Explorations in Black Leadership

Co-Directed by Phyllis Leffler & Julian Bond

Treatment in Birmingham Jail

HRABOWSKI: It took me years to get over the hatred that I felt because we got to the jail, the place, and they were awful to us there. And they put us in with the bad boys. We were not bad boys. You know, bad boys are the ones that have the knives. We don’t have any knives. We don’t cut people and things like that. And they encouraged, they encouraged a bad experience for us.

BOND: How’d the bad boys treat you?

HRABOWSKI: It was not good, except I was very -- I was using every kind of way I could to keep up with my kids because I had these kids and everybody was crying for their mama -- “I want my mama,” you know, and I’m feeling the same thing and trying to be a big boy. And they had Bibles there, I remember that. And I would read the Bible a lot. Any time it would get really tough and somebody would say they were going to -- or begin to do something to my children, I’d start reading aloud -- “The Lord is my Shepherd, I shall not want.” Everybody respects the Bible, and I got that, so I could -- and I would have my kids singing songs. They’d leave them alone doing that. And I was constantly, especially with those who were really scared, and trying to keep one or two who were ready to fight from getting into that, but it was -- you think about an unsupervised situation with children with guards who were clearly with different points of view, I’m sure, but clearly not giving us support. It was not good.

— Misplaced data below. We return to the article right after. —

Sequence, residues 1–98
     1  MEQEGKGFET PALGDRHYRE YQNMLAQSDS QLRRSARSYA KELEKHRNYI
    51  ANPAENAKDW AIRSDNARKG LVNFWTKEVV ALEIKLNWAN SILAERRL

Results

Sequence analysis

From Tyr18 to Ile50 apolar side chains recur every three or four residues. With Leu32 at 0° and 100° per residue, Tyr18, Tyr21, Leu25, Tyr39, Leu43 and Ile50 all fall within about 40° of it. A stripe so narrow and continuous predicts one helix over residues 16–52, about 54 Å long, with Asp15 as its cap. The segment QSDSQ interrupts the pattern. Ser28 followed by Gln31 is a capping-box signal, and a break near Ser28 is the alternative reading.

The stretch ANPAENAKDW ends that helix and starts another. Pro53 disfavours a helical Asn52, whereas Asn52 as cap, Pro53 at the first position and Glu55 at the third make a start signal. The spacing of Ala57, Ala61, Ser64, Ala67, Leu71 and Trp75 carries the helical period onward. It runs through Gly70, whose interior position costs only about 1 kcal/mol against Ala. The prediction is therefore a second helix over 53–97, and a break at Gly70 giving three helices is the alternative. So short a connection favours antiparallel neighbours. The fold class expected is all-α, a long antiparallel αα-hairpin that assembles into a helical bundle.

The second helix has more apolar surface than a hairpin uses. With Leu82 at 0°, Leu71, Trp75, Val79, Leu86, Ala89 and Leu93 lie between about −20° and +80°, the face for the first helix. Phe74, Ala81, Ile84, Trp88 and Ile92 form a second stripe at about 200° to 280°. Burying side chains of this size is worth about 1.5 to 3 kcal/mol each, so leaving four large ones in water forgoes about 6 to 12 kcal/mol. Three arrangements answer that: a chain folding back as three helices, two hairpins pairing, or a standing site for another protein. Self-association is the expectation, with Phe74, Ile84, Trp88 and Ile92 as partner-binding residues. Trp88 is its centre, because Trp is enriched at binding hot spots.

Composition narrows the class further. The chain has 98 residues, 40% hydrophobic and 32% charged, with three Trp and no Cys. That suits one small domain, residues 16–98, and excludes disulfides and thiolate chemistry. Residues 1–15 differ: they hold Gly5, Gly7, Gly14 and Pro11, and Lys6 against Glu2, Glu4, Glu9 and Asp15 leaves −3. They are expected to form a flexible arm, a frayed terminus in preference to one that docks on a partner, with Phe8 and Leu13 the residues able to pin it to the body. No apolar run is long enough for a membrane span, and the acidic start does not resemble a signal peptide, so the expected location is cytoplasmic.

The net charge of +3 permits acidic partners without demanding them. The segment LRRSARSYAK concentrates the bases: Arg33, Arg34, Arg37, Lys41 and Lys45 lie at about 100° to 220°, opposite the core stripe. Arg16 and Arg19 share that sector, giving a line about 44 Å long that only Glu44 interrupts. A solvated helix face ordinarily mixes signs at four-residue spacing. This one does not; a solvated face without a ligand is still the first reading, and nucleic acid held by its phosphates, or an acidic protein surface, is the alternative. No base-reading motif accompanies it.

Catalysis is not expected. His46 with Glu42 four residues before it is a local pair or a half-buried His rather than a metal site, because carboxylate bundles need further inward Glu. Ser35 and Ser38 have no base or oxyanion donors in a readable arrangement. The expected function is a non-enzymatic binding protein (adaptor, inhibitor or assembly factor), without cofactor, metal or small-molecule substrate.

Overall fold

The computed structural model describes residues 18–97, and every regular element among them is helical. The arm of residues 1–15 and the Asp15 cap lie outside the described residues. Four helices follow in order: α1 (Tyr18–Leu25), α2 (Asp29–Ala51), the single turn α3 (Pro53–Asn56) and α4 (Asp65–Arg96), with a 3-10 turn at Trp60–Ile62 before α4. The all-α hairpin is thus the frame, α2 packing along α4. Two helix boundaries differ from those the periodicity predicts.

BOND: And these other inmates who are clearly rough, rough guys --

HRABOWSKI: And it was not good. It was not good. And -- but I will tell you this, from all of that, because I’ve blocked it out for a long time. I really did. What it taught me, more than anything else, was that children can make decisions at an early age to affect the rest of their lives and that we sometimes assume that children really can’t think well, but a twelve-year-old, an eight-year-old, can think much more clearly than we think. They need teaching and training, but I’m saying they can really appreciate the difference between right and wrong and can make decisions and so it helped me to appreciate the need to give respect to students, whether they are twenty or twelve, and not treat them like little people but rather as thinkers. The more you can elevate people by just giving them that support and expecting more from them, whether in mathematics or in thinking about life, the more they’ll come up to the occasion.